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'ConCourt changes not in line with SA democracy'

Nickolaus Bauer

Legal experts have warned that tampering with the powers of the Constitutional Court equates to a fundamental change in South Africa's democracy.

Any changes to the powers of the Constitutional Court’s powers would signify a fundamental change in South Africa’s democracy and how it operates.

This is the sobering view of legal experts in the wake of recent comments made by President Jacob Zuma, saying the powers of the Concourt need to be reviewed.

In an interview with the Star, Zuma said he intends looking into the powers of the Concourt in order to balance the legislative, judicial and executive powers of government.

“We don’t want to review the Constitutional Court; we want to review its powers. It is after experience that some of the decisions are not decisions that every other judge in the Constitutional Court agrees with,” Zuma said.

Zuma also added that often dissenting judgments have “more logic than the one that enjoyed the majority”.

Warren Freedman, associate professor at the University of Kwazulu-Natal’s School of Law said although various democracies around the globe operate within a system allowing a nation’s highest judicial power to be reviewed, this is in direct opposition to how South Africa’s democratic system operates.

“This is how our democracy was founded in 1994 and how we have been operating since we adopted the new Constitution in 1996. Any changes to that would signify a radical change in the way our constitutional democracy works,” he told the Mail & Guardian.

This view was echoed by professor Loot Pretorius of the University of the Free State’s department of constitutional law, who feels any adjustment of the Concourt’s powers “changes the nature of the game”.

“The status of the Constitution and the Concourt is immediately changed once the powers enshrined within those institutions are themselves changed,” said Pretorius.

South Africa’s democracy operates within a system allowing the Concourt to review decisions made by Parliament—government’s legislative arm.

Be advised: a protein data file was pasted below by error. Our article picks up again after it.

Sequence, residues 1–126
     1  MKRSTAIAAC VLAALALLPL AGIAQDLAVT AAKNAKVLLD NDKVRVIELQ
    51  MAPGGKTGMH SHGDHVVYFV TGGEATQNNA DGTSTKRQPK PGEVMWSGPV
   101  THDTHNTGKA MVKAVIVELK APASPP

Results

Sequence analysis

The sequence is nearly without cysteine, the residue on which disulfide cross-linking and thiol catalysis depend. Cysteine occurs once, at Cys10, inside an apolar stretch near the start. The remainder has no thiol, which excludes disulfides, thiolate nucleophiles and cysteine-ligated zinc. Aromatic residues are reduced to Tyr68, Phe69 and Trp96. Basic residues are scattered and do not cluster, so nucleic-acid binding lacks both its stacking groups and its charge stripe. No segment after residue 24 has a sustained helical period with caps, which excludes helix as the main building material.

However, Zuma along with senior leaders inside the ruling ANC have in the past sharply criticised rulings by the Concourt and the judiciary at large, which discount decisions and laws passed through Parliament.

In November last year, Cabinet announced plans for the formation of a body to “assess” the Concourt’s judgments in order to “enhance synergy and constructive engagement” between the three spheres of government.

At the time, Cabinet spokesperson Jimmy Manyi said this was to ensure the judiciary meets “common transformative goals geared to benefit society at large”.

Call for clarity
Pretorius also called for Zuma to “extrapolate on what he actually means” as his utterances have been “very cryptic”.

“If our president really has a problem with an institution like the Concourt, which can second guess what government is doing, then he must tell his people. Furthermore he must explain why and what he seeks to do about it,” Pretorius said.

Freedman goes onto dismiss Zuma’s assertion that split decisions within the Concourt are a problem.

“There are very broad definitions and laws enshrined within our Constitution, which are based on values of a social, political and ideological nature. This automatically leads to decisions by judges being made from various perspectives,” Freedman said.

Presidential spokesperson Mac Maharaj dismissed the view that Zuma aims to change South Africa’s democratic system, saying that such assertions stifle necessary debate.

“As long as any assessment of the judiciary is done within the permissible limits, it is a healthy exercise. To simply create this fear of the president wanting to change our democracy is an attempt to shut down debate,” he told the M&G.

However, the ANC is of the view that South Africa’s democracy and policies governing it need to be “fine-tuned from time to time” in order to “best serve our citizens”.

ANC spokesperson Keith Khoza said: “Debates around the powers of state bodies are to ensure that each arm of government knows its role. As such, there is nothing wrong with examining their effectiveness.”

But, Khoza added that any changes would be made within the current democratic structure of the country.

“This is not about watering down the separation of powers but strengthening them,” he said.


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